Scorsese doing what Scorsese does best.
Charlie (Harvey Keitel) deals with the pressures of working his way up the ranks of a local mob, while coping with his family’s disapproval of his epileptic girlfriend (Amy Robinson). Meanwhile, his small-time gambler friend, Johnny Boy (Robert De Niro), threatens to ruin Charlie’s reputation with debts to a loan shark.
So this is the third film by Scorsese, and once again he is takling the subject of mobsters in New York. This is probably his first as you can see when watching it.
The film is highly original and features a lot of Scorsese’s trademarks that would show in plenty of his later films. First of all the screenplay is so well-written and real. The way it is written as if this was real-life, the characters are serious when they want to be, even funnier when they want to be, and a lot of just all seems real and believable.
The soundtrack is great it is filled with some amazing and eclectic music ranging from orchestra, to jazz, and then to like old pop. The songs layer out all of the scenes and add a lot more style and excitement into that one particular scene.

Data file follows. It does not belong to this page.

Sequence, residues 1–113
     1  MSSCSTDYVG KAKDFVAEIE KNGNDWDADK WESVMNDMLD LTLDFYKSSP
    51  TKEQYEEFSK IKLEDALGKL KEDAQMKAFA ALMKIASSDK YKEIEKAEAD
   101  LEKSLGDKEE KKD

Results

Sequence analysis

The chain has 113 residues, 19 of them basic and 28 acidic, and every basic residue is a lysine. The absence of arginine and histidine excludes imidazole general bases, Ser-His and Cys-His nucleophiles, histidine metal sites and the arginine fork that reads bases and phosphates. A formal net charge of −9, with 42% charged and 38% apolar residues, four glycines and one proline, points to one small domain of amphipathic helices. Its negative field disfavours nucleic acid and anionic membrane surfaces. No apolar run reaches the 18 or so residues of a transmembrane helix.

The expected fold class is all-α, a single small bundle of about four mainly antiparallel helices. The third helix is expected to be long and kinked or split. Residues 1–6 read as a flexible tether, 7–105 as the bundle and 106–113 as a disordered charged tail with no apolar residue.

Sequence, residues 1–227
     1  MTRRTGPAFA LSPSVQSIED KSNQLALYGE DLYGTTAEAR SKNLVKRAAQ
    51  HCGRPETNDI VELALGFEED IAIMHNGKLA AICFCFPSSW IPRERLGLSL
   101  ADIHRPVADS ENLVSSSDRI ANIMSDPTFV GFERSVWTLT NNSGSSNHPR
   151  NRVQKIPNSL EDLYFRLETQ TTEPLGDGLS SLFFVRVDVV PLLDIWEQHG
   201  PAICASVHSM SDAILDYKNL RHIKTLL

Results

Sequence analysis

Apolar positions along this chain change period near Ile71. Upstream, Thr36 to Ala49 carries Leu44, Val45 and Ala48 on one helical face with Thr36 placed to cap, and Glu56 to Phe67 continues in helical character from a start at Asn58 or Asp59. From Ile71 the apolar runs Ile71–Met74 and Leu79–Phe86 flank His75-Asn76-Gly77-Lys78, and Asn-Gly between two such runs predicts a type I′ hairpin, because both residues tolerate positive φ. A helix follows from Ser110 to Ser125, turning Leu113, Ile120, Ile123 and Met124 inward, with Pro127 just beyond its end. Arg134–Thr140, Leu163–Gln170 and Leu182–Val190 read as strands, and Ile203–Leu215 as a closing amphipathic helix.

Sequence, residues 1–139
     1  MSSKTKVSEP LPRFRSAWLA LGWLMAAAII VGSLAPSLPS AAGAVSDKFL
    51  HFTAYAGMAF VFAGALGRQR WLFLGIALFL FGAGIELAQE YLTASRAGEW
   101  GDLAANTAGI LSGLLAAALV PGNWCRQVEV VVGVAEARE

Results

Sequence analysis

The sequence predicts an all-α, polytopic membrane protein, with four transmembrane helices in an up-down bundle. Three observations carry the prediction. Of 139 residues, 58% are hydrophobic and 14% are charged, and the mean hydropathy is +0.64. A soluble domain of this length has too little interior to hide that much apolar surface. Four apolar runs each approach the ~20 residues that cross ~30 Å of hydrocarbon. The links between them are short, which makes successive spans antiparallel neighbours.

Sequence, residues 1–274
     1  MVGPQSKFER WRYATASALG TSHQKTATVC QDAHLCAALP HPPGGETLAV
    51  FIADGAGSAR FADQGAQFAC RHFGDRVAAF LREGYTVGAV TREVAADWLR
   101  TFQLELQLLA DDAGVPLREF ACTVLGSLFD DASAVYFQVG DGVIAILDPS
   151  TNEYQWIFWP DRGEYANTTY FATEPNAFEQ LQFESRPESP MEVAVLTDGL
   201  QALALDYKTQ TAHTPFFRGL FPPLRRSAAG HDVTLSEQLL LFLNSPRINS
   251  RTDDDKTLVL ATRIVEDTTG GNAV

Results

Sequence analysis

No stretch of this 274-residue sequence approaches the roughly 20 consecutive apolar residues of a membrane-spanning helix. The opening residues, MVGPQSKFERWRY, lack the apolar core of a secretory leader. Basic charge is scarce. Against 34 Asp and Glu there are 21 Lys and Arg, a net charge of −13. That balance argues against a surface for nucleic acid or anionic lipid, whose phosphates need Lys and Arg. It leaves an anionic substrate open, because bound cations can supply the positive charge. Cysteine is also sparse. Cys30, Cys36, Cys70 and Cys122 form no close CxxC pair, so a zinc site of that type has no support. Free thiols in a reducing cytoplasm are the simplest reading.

I also liked the setting and how it basically felt like a character itself. If you want a film to see what Little Italy looked like in 1973, here it is. It is filmed with such a gritty look, that makes this film seem so real and a lot more nasty and cruel than what it tries to give us.
The only problem I had with this film was the way it was filmed. I thought that Scorsese tried to go back and forth in between scenes way too many times, to where I was kind of confused. They never really give us a chance to soak the story in, and I felt rushed to learn everything about this film and its characters right away or I was going to be lost.
The ending also felt a little too rushed and didn’t really serve any true meaning or message. It felt rushed and a little too quick for and ending.
Harvey Keitel shows off some great leading man strength in one of his earlier films here. But the best in the film is De Niro who gives this look at a guy who’s so cocky, and so dastardly, that you wanted to cheer him on, despite he was such a dick.
Consensus: Mean Streets is highly original with great acting, a wild soundtrack, and a beautiful setting, but feels a bit too rushed and not all that there with its message.